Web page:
MELiSSA: the minimal Biosphere: human life and human waste in deep space

Abstract : MELiSSA (Micro-Ecological Life Support System Alternative) is a long-term technology program of the European Space Agency. Its aim is to construct autonomous habitats in deep space, supplying astronauts with fresh air, water and food through continuous microbial recycling of human wastes. This article considers how anticipated futures of space travel and environmental survival are materialized in the project of engineering a minimal biosphere capable of reliably sustaining human life: a human/microbe association with the fewest possible species. We locate MELiSSA within a history of bio-infrastructures associated with colonization projects: refugia in which organisms dislocated from their originary habitats are preserved. Analysis of MELiSSA’s sewage-composting technology suggests that the disordering complexity of human waste presents a formidable “bottle-neck” for the construction of the minimal biosphere, in turn suggesting our dependence on microbial communities (soil, the human gut) of potentially irreducible biocomplexity. MELiSSA researchers think of themselves as pragmatic enablers of space exploration, yet a wider family of space colonization projects are now imagined in terms of the prospect that the Earth might cease to function as the minimal biosphere capable of supporting civilisation. MELiSSA’s politics of anticipation are paradoxical, promising technologies with which to escape from the Earth and through which it may be sustained.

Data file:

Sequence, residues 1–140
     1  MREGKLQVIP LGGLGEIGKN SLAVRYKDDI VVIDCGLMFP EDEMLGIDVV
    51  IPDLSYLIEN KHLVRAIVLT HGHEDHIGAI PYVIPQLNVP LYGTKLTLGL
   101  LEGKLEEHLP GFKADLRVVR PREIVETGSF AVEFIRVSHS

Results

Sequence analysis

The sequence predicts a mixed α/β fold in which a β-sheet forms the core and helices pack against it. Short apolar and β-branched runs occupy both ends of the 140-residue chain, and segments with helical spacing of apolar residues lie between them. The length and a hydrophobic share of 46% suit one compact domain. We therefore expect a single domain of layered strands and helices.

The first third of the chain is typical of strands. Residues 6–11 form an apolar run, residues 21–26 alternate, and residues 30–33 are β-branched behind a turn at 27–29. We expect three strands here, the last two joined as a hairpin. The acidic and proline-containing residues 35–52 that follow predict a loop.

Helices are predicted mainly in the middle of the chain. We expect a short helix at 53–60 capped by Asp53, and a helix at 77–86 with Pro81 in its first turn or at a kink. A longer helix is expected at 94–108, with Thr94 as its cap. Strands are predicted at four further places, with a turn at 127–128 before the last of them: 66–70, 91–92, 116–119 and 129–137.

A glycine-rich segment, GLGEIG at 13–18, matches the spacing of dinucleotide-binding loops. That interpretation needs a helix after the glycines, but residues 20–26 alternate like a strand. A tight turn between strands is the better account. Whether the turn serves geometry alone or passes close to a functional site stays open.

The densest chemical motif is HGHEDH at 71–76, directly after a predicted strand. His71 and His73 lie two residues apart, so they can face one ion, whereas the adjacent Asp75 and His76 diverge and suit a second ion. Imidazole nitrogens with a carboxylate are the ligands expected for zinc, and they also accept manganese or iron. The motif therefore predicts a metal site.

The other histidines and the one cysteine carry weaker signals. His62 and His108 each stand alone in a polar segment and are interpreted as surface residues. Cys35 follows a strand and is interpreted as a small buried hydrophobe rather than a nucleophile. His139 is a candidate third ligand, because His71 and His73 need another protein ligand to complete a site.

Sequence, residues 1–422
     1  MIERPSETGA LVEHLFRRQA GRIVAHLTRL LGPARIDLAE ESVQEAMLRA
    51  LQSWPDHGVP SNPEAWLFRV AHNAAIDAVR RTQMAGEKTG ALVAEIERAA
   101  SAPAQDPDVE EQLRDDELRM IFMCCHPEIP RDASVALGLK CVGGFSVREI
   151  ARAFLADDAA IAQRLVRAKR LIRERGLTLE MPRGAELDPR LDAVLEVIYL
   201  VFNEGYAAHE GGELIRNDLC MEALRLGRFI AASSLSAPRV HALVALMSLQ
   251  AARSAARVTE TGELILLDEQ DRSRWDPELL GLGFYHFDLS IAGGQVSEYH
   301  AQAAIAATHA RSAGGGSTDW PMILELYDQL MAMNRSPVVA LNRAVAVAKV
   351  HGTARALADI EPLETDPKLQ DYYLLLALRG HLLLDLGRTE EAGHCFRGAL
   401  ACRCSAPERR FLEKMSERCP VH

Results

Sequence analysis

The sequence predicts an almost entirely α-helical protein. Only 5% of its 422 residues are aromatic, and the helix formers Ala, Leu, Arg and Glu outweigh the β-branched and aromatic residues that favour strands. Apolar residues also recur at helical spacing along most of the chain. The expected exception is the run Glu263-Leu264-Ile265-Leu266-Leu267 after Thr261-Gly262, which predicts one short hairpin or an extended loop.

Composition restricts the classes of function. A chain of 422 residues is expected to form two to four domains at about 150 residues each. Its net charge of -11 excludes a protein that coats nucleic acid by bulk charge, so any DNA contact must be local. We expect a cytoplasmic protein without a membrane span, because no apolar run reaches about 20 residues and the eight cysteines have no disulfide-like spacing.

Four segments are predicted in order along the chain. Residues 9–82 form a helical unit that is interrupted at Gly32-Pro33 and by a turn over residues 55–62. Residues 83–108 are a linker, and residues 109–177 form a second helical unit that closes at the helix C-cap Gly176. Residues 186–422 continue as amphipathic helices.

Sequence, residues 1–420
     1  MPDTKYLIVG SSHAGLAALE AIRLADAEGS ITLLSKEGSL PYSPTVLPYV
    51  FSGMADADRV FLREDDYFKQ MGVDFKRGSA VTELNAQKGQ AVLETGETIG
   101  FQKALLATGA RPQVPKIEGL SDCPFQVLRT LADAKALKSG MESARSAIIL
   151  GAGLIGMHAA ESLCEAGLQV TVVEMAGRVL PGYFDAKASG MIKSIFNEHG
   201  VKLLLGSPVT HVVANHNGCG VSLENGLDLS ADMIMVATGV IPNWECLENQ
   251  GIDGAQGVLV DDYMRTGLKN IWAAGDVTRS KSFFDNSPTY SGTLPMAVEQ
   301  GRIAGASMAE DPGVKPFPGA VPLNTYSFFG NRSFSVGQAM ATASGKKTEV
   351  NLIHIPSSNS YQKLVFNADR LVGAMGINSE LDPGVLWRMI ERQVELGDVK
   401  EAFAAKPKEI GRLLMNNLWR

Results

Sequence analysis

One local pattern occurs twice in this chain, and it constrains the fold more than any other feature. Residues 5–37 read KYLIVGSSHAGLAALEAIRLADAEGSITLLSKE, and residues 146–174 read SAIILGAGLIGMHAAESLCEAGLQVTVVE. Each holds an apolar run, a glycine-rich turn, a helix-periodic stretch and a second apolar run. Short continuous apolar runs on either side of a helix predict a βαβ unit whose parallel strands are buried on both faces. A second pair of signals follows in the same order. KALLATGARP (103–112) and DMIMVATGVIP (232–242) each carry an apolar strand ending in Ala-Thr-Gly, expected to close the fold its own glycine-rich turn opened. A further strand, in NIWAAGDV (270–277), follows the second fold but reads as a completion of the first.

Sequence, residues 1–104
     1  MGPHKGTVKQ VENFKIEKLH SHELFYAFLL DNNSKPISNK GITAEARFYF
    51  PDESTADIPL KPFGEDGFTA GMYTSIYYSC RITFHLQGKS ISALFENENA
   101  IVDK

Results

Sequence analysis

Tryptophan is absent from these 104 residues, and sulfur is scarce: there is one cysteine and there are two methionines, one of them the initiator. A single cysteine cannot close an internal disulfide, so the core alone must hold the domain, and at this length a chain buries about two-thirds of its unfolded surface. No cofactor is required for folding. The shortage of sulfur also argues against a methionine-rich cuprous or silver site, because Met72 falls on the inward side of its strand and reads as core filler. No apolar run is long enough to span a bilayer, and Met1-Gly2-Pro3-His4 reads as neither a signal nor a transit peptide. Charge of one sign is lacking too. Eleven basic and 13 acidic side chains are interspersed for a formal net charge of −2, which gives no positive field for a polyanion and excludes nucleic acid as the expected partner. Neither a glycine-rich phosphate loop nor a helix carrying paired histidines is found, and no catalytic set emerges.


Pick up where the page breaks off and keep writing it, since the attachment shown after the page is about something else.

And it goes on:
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Submitted on : Friday, February 24, 2017 - 4:54:15 PM
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Jeremy Walker, Céline Granjou. MELiSSA: the minimal Biosphere: human life and human waste in deep space. Futures, Elsevier, 2017, Politics of anticipation: on knowing and governing environmental futures, 92, pp.59-69. ⟨10.1016/j.futures.2016.12.001⟩. ⟨halshs-01476294⟩



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